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The official opinion of the Student Union is meaningless

Published: March 10, 2006
Section: Opinions


Last Friday, Aaron Braver certified Brandeis' greatest embarrassment of 2006: BIPAC's disgustingly irrelevant petition against Iran. Although the hypocritical and hawkish message of the petition truly offends my mind, I am deeply concerned with what the future will hold with the Iranian Petition as a precedent of success. BIPAC can now say that the “Brandeis Student Body endorses action against Iran.”

Unfortunately, this is a lie;

BIPAC's resolution against Iran only garnered an insignificant 7.3% of the Student Body's support, clearly showing that the campus does not stand in solidarity against Iran. The Student Union must amend their petition system to ensure that egregious petitions do not mass with farce majorities in the future.

Our Student Union has a fatally flawed petition system that yields unpopular opinions and that pigeon-holes the campus populace into extremist views. The Union constitution allows for any petition, provided it gathers enough signatures, to go to vote. This means that one could hypothetically advance a referendum to “advise Michael Jackson to eat a peanut butter and jelly sandwich every Saturday for the rest of his life.” One could argue that it is completely foolish to waste the Brandeis Community's time with such an issue, but that is exactly what BIPAC has done. Iran's pursuit of nuclear weapons is not the concern of the Student Union and, unless we join the U.N. Security Council, it never will be.

However, BIPAC and the Student Union has shown that there is no threshold on what constitutes a legitimate issue. Now, majority groups can advance equally inane issues. The Brandeis Democrats could easily pass a petition labeling the entire student body as endorsing politicians, DFA could advance a petition against Iraq, and SEA could protest Alaskan oil drilling. But is it really fair to the community to do this, even if a true majority endorses the petitions? Holding minority political opinions is not an easy thing at Brandeis, as this is an extremely polarized environment. Is pigeon-holing the entire student body into political positions the best way to help include political minorities into the community and advance our reputation as a free-thinking environment?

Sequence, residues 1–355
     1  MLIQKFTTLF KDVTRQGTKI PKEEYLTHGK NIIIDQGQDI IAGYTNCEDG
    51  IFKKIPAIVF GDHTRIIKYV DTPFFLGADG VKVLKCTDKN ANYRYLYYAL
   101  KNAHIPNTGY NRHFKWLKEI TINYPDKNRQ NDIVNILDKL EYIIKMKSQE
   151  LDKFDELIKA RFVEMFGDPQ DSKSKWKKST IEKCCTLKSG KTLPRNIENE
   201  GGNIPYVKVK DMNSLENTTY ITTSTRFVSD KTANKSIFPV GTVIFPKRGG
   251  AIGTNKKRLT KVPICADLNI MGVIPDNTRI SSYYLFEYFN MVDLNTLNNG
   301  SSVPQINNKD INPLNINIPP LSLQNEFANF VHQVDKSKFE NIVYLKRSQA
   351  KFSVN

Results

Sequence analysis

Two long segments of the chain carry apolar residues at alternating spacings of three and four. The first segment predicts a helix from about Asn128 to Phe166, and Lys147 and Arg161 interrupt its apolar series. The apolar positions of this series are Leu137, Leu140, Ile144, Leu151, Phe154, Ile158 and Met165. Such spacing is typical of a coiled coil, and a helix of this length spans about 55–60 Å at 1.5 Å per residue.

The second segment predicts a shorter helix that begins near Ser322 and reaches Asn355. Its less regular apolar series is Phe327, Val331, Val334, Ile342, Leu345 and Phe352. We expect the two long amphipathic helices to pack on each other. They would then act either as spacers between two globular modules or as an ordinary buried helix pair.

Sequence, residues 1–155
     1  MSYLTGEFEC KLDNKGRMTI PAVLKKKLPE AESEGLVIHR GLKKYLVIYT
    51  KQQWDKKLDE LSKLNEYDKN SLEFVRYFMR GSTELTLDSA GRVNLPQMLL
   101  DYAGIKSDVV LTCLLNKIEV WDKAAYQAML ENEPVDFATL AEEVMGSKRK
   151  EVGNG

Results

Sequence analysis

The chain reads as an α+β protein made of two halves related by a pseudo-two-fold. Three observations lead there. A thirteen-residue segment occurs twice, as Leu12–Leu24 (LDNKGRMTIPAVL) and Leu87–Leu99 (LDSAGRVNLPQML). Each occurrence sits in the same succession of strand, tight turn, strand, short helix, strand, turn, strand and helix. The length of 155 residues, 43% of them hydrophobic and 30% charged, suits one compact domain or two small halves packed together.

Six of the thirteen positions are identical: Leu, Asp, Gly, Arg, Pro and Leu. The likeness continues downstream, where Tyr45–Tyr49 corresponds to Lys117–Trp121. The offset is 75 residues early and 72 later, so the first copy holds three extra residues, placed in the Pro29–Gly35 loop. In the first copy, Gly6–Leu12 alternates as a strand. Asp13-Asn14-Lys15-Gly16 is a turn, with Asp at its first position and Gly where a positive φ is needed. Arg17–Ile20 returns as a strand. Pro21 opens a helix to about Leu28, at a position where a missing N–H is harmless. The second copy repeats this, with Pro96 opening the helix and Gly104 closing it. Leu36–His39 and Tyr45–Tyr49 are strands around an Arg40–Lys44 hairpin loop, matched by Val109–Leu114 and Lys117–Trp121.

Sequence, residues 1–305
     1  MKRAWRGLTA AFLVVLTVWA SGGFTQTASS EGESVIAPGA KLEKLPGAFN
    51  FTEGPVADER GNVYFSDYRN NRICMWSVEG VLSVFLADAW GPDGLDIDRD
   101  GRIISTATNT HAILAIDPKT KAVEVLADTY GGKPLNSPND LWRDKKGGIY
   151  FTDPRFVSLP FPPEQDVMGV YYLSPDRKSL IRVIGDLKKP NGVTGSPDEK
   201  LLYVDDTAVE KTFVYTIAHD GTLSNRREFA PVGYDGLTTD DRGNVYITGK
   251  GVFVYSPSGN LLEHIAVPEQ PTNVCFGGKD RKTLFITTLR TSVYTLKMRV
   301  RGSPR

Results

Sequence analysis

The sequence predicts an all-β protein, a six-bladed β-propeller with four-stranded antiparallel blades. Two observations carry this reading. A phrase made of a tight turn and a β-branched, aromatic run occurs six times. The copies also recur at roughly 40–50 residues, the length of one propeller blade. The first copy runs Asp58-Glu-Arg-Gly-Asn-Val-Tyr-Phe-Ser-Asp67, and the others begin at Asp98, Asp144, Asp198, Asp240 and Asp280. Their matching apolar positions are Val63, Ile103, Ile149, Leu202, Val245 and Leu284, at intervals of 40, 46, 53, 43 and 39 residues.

The Student Union must amend the petition system or abandon it entirely. The Union should establish a “democratic majority” threshold, that maintains that a petition must achieve at least 25% of the student body's support to be considered the official opinion of the campus. This will insure that issues, such as Iran, is at least the concern of a reasonable amount of students, rather than a mere 7.3%. Moreover, the Student Union should also establish a “campus-relation” clause the that requires the petition to be related to campus action. With these amendments, the Student Union can help mend its image of being useless, and stop allowing political opportunists to take advantage of its weaknesses.